More on fall tree care

Donna Tatting

Chisago County Master Gardener

The following information was recently released by Gary Wyatt, University of Minnesota Extension agroforestry educator.

Drought conditions over the last two years have left trees and other perennial plants visibly stressed this fall. Tree stress symptoms include abundant seed production, leaf scorch, early fall colors, leaf drop, limb die-back and yellowing or browning of leaves and needles.

Fortunately, several measures can help enhance tree and shrub health.

Trees and shrubs should be watered generously until the soil freezes. This applies especially to conifers (pine, spruce and cedar) and trees planted in the last three years. Mulching newly planted trees helps conserve moisture and reduce winter root damage.

Young maples and thin-barked trees may benefit from sun scald protection, to prevent the bark from cracking in the winter and spring. Use plastic tubes or tree wraps now, and remove them in the spring. These practices can also reduce winter animal damage.

For other fall management practices, visit http://z.umn.edu/winterdamage.

Protecting trees from rabbits, mice, voles and deer is a major winter concern. Mow or remove tall grass to reduce mice and vole damage.

If the bark is removed or severely damaged around the tree, it will die.  Protective physical barriers such as tree tubes, hardware cloth and fencing can be done when practical.

Odor, taste and visual repellents can deter many wildlife species, but may have inconsistent effectiveness. Human hair, soaps, garlic oil, hot sauce and animal repellents can be applied to branches and foliage to discourage browsing.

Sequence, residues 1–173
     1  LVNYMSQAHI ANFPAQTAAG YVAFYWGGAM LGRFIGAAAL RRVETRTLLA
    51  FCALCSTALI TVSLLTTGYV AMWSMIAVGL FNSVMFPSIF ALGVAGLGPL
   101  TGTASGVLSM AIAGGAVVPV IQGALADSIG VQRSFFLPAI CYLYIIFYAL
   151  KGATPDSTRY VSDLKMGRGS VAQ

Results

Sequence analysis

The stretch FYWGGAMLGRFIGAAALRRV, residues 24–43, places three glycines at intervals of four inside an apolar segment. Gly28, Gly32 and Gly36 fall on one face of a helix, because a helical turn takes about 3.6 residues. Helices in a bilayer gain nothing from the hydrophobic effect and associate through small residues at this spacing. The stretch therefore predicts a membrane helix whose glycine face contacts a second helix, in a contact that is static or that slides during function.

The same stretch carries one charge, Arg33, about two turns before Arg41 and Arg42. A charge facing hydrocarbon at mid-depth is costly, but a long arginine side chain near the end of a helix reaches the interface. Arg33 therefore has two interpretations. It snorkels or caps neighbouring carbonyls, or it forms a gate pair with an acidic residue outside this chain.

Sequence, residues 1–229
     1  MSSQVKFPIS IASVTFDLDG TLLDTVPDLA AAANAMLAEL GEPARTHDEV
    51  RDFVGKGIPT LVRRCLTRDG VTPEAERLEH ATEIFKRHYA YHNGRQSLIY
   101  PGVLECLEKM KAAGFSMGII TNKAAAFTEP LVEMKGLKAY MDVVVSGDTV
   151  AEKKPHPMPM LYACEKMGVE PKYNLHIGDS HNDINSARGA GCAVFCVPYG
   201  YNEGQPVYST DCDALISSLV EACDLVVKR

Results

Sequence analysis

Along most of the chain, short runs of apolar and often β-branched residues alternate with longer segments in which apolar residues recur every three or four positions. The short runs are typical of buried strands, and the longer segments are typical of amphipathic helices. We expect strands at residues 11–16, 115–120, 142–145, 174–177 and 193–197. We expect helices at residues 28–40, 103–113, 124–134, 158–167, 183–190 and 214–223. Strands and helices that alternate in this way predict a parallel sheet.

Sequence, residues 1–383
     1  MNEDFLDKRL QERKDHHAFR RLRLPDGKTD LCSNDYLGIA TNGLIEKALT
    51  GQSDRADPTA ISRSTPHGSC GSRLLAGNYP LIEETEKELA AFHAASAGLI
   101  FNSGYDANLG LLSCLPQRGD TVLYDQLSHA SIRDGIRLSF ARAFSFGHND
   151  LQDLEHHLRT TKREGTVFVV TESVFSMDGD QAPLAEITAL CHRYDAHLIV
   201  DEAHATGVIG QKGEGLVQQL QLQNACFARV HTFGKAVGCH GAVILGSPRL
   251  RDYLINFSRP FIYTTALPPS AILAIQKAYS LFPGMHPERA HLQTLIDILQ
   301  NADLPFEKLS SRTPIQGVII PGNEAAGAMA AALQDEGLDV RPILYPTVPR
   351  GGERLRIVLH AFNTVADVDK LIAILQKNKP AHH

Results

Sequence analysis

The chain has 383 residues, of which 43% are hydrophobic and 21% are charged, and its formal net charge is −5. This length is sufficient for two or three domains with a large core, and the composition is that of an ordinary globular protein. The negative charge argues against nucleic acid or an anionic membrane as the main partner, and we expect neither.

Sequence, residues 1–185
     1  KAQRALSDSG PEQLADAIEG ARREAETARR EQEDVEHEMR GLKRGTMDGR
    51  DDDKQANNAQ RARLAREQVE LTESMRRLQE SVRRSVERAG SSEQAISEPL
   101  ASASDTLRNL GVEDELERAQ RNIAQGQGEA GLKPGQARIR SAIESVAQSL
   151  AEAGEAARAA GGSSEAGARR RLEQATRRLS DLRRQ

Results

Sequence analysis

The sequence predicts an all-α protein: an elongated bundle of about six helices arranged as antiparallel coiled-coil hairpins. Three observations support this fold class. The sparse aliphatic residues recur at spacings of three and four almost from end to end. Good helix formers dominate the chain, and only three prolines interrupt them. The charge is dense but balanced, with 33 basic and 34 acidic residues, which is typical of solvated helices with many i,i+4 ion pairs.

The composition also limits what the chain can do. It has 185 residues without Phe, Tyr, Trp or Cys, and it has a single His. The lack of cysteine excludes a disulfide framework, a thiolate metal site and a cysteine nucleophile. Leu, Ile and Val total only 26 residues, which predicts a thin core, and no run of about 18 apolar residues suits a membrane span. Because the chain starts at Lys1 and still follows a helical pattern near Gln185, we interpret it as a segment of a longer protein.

Weather, application frequency, animal population and feeding pressure affect the success of repellents. Alternate the repellents, since some animals become desensitized to them. A web resource that reviews prevention and control of wildlife damage can be found at http://z.umn.edu/critters.

If you’re unsure what’s causing problems in your landscape, University of Minnesota Extension has a great web site to help homeowners diagnose tree, shrub and plant problems or identifying a weed or insect: http://z.umn.edu/diagnose. This site links to the University of Minnesota Plant Disease Clinic and Soil Testing Lab.

Fall is also a good time to plant trees. Recommended trees for all regions of Minnesota are at http://z.umn.edu/rectrees. After planting, be sure to water until the soil freezes.

The best time to prune trees is during the dormant season from January to March.  Flowering shrubs can be pruned in the summer after flowering.

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